Knowing that butterflies prefer to oviposit in warm sunny conditions, I configured a cage and desk light to simulate those conditions as closely as I could. Butterflies also tend to fly towards bright light in captivity, so I pinned a sprig of Pipevine host plant on the side of the cage with the light so that when the female went to it she would make contact with the host plant. She spent a number of days in this cage but laid no eggs. It took nearly a week, and she had all but beaten her wings to shreds before the first ova appeared. Apparently it takes her a while to "grow" the eggs, once mated.
She survived for longer than 2 weeks and laid quite a few eggs. These images show the cage setup (the light is a 23w CF), the rather worn female feeding, and the ova - an interesting orange-green color.
It took less than a week for the eggs to hatch, resulting in these gregarious little caterpillars. Some high-magnification images of the 1st instars are shown...
Video taping these critters takes a lot patience, and some odd-ball engineering setups to get the macro shots without having expensive equipment. These images show the JVC Digital Camcorder with a jeweler's eyeloupe taped to the lense to increase the magnification substantially. You can see the egg hatching time lapse sequence here:
Battus philenor Life Cycle
Here, a group of 1st instars is molting into 2nd instar. Note the darker color.
These little caterpillars eat a lot of food and grow rapidly. It didn't take this group long to molt into 3rd instar. In one image, you can see them hiding together in a "worm pile" under the leaf. I turned the leaf over to get the next shot.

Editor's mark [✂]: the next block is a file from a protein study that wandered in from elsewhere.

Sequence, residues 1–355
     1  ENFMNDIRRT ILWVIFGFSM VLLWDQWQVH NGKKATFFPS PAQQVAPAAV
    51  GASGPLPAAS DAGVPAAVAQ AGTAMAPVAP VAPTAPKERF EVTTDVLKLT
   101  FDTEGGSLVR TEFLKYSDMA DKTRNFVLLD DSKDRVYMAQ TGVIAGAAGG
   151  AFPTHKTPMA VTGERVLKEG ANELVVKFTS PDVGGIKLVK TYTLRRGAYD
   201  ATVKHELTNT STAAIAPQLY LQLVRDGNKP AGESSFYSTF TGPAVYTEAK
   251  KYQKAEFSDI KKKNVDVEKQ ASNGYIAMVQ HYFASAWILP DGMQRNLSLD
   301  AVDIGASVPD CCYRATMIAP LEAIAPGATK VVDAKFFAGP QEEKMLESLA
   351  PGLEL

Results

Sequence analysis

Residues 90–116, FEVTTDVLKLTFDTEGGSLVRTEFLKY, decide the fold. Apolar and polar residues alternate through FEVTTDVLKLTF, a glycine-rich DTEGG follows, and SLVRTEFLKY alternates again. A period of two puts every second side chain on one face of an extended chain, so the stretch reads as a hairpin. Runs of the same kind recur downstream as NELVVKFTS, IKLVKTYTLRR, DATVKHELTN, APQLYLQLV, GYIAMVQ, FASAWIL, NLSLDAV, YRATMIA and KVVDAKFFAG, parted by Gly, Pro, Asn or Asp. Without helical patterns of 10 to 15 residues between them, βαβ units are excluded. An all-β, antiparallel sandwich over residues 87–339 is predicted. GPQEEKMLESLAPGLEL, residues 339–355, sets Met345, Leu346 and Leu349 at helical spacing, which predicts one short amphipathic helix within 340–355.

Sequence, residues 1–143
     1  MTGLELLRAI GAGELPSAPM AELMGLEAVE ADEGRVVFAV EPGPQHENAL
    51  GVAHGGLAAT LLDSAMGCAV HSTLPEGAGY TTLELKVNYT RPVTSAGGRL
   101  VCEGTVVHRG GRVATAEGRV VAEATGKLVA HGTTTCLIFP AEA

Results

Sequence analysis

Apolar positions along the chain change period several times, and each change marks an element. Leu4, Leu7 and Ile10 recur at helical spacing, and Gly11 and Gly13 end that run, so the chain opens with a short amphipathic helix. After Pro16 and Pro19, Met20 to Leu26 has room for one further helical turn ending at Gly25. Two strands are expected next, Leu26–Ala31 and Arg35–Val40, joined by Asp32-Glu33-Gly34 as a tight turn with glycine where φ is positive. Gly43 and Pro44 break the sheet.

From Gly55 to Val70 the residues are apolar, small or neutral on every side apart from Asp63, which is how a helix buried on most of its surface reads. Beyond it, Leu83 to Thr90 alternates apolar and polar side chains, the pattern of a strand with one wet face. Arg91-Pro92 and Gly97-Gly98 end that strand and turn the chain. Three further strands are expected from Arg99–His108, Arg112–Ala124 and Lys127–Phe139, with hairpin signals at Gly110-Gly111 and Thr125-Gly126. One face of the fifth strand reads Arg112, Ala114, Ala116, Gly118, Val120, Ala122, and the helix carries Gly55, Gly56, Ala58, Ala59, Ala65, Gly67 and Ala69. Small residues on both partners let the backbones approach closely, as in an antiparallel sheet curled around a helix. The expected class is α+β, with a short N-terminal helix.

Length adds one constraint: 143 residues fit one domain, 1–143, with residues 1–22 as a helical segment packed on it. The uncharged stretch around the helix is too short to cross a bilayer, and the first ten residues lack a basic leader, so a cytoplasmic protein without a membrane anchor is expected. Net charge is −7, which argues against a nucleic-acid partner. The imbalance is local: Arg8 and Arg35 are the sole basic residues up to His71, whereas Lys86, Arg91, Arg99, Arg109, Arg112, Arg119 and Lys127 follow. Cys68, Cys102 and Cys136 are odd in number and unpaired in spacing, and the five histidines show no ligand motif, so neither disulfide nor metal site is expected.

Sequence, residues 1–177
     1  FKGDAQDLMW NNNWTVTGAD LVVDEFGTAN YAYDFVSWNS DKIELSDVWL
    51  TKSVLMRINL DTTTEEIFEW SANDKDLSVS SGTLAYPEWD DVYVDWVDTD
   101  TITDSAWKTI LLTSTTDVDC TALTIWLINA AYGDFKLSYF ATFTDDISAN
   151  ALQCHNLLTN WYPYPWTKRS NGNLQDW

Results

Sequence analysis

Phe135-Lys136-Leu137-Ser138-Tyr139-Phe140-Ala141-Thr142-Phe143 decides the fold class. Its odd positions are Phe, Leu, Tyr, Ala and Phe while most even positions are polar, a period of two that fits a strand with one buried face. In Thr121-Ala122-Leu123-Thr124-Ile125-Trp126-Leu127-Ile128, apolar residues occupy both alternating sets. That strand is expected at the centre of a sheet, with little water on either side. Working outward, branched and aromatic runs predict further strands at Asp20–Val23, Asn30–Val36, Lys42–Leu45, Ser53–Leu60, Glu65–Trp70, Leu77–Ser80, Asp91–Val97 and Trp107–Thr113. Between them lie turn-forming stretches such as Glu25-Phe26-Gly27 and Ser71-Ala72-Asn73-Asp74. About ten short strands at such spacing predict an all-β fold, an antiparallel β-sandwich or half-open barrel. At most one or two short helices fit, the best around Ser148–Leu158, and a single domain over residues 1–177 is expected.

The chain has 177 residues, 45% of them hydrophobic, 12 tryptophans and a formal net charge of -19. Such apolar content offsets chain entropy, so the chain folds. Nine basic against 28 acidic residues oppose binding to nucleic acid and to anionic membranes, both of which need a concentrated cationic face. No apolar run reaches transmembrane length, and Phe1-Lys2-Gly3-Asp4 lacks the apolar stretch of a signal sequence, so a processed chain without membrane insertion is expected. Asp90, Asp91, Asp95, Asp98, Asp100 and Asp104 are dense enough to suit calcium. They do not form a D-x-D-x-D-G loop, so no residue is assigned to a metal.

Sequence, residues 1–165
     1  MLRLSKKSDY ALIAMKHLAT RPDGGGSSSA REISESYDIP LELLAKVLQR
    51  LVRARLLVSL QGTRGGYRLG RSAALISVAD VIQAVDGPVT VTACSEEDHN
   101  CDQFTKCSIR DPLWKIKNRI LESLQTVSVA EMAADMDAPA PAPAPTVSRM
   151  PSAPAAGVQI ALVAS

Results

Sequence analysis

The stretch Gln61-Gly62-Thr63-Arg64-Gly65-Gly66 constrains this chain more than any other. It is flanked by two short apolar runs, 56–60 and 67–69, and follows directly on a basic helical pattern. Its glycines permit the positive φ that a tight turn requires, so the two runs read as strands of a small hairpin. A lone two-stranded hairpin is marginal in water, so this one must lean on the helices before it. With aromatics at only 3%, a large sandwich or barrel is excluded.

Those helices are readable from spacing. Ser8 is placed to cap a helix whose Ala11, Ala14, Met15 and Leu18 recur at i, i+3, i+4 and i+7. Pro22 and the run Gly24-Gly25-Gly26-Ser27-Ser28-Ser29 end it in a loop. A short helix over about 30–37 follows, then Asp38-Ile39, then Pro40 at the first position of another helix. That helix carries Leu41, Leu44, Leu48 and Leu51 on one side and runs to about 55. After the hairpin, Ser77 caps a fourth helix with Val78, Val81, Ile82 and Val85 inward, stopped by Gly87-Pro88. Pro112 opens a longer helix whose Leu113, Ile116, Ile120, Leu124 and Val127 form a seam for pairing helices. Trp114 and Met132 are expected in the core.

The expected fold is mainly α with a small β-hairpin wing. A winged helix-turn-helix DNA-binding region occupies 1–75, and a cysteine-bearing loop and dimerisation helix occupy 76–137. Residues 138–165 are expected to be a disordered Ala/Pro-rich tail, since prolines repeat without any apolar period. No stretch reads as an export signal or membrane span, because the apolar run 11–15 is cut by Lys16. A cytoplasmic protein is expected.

Some freshly-molted 4th instars are shown here...
And finally, 5th instar. Note the velvety-black color with the bright orange "feelers". These soft, fleshy projections make the larva look somewhat like a centipede, and also seem to be used to detect objects. They appear to be quite sensitive and cause the larva to pull away when touched.
These caterpillars reached maturity in about 4 weeks. Here you can see them spinning their pads and loops to suspend themselves for pupation.
Here are the completed pupae, seen here overwintering. Note the variation in color. The caterpillar chooses the pupal color at pupation time, to match the surrounding environment.
These close-up images show various pupae in detail. As the adult inside develops, it's wings and body can be seen through the pupal shell.
Be sure and see the complete life cycle video on YouTube: